Trudeau cabinet holding 3-day retreat to plot parliamentary strategy for minority government
Ministers meeting in Winnipeg to discuss economy, climate change and other priorities
Liberal cabinet ministers began meetings in Winnipeg today to set parliamentary priorities and strategize for what's expected to be a challenging winter session for the minority government.
The three-day retreat will focus on themes laid out in the fall throne speech: growing the economy and the middle class, tackling climate change, and building healthy and safe communities, including new gun control measures and continued efforts to promote reconciliation with Indigenous peoples.
One of the urgent orders of business is the federal response to the massive blizzard in Newfoundland and Labrador, where a state of emergency was declared in St. John's and several other municipalities. On Saturday, government ministers pledged whatever assistance the province requires, including military personnel, and today ministers confirmed that 300 or more troops plus equipment would be deployed.
Governing without a majority means the government must get at least one of the opposition parties on board to pass legislation and the upcoming budget.
On Sunday, Finance Minister Bill Morneau acknowledged there will be "some differences" in how the government drafts its economic plan.
"Importantly, we will have to, as we get to Parliament, make sure that we are talking with all of the other parties. That's been a priority we've had over previous years — I'm sure it will be more robust this year," he said.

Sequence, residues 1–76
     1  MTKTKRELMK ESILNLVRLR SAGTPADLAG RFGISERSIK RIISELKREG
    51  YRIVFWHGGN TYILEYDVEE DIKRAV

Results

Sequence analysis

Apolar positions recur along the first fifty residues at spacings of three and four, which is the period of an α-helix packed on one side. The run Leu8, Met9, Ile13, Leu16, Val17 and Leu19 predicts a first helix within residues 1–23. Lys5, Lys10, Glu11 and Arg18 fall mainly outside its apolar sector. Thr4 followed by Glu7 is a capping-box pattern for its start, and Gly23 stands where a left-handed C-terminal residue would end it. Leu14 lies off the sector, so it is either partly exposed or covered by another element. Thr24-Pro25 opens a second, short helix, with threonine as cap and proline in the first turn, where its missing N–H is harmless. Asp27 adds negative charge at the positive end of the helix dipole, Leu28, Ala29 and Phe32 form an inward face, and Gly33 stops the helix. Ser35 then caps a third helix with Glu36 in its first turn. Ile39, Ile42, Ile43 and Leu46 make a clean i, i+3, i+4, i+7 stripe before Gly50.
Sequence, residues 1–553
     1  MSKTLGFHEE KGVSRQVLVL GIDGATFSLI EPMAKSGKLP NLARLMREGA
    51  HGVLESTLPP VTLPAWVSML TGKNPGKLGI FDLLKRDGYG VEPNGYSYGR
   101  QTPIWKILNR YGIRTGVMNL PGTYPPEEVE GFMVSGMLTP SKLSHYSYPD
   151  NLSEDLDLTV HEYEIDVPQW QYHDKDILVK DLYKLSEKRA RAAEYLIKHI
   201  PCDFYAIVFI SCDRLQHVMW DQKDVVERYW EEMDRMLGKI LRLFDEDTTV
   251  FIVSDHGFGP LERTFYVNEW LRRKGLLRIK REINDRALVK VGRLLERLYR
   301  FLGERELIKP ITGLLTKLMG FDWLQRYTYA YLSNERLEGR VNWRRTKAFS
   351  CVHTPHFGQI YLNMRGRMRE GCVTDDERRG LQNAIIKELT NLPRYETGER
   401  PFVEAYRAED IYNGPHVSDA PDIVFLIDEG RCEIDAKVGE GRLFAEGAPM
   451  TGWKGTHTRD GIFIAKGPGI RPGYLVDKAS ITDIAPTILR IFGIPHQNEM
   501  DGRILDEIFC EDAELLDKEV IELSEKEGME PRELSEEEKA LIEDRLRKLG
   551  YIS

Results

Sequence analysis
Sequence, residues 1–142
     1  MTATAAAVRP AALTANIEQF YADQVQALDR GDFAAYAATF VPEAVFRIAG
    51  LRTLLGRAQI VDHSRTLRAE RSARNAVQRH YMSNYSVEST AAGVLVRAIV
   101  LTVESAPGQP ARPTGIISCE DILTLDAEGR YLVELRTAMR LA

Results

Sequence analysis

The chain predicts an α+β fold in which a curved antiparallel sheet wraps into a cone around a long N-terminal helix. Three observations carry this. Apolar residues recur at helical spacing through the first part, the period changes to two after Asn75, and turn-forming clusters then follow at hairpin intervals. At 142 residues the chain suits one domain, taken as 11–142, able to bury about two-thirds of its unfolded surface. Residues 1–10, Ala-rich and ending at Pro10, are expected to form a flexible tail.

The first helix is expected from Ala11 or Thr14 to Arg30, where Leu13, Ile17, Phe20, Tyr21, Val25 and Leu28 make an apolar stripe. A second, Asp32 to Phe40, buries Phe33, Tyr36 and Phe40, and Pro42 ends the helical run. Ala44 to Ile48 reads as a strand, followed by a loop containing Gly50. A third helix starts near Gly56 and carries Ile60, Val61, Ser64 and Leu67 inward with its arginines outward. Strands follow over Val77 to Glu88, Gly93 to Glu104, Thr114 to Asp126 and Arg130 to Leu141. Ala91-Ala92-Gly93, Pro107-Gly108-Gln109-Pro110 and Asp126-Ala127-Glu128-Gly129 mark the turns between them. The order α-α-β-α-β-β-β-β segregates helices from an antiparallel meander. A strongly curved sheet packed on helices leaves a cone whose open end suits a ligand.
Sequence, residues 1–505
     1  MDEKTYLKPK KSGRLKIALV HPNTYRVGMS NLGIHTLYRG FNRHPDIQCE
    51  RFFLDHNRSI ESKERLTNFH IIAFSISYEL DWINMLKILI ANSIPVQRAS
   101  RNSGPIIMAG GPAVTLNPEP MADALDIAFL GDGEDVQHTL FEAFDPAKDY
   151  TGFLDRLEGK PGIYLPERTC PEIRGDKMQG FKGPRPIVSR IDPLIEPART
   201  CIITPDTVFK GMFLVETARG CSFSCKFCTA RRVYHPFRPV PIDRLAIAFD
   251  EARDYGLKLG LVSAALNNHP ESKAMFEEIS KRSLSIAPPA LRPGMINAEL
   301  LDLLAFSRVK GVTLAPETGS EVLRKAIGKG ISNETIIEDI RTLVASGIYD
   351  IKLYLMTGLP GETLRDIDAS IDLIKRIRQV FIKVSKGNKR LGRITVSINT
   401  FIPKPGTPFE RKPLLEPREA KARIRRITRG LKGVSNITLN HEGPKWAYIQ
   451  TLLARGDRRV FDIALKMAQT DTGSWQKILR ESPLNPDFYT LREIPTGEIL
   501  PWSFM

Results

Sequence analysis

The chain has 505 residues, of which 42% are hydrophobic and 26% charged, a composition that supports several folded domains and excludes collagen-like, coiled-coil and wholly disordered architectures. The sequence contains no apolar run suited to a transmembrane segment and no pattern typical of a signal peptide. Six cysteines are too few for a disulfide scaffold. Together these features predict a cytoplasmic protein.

As the nation continues to grieve the loss of 57 Canadians killed in the Flight PS752 airline disaster in Iran, mounting tensions in the Middle East and other global affairs will also be high on the agenda.
But domestic pressures are paramount, and the chosen location of the retreat is both symbolic and politically strategic.
"It is a city in the West where they should have done better in the last election and they have the potential to do better in the next election — that we know will be probably sooner rather than later," said Liberal commentator Greg MacEachern. "Going to Manitoba makes more sense than going to Alberta. There's still a lot of active issues in Alberta, which might have obscured any messages the government wants to get out."
The Liberals were shut out of Alberta and Saskatchewan in the Oct. 21 election, reflecting a strong dissatisfaction in the region over the federal carbon tax and slow progress on building a pipeline.
While Manitoba Premier Brian Pallister may not be the Liberal government's biggest fan, MacEachern said, he has demonstrated a tendency to focus on areas of common interest rather than making partisan attacks as other premiers, such as Alberta's Jason Kenney and Saskatchewan's Scott Moe, have done.
Healing regional divisions
In an attempt to heal the regional divisions, Prime Minister Justin Trudeau appointed Chrystia Freeland, one of his top-performing ministers, to take on the intergovernmental affairs file in his Nov. 20 cabinet shuffle. To further demonstrate the government's commitment to addressing regional discontent, Trudeau also named Freeland deputy prime minister and tasked her with working with all ministers to restore relations with the West.
After his Liberals were reduced to a minority government, Trudeau promised to adopt a more collaborative approach in working with both the provincial premiers and the federal opposition parties. The weeks and months ahead will test that resolve and the government's ability to navigate the new reality to pass legislation and a federal budget.
"This session for them will be where the rubber hits the road, where you have to look at things, very frankly, through a political lens," MacEachern said.
"Who else is going to support this? You can have the best ideas in the world, but in a minority parliament, if it doesn't appeal to enough people in another party, they're going to go nowhere."
MacEachern said outside the work of the House of Commons, ministers must grapple with external issues: the raging bushfires in Australia, rising tensions with Iran and how to navigate Canada-U.S. relations in an election year, including ratifying a new trilateral trade deal with the U.S. and Mexico.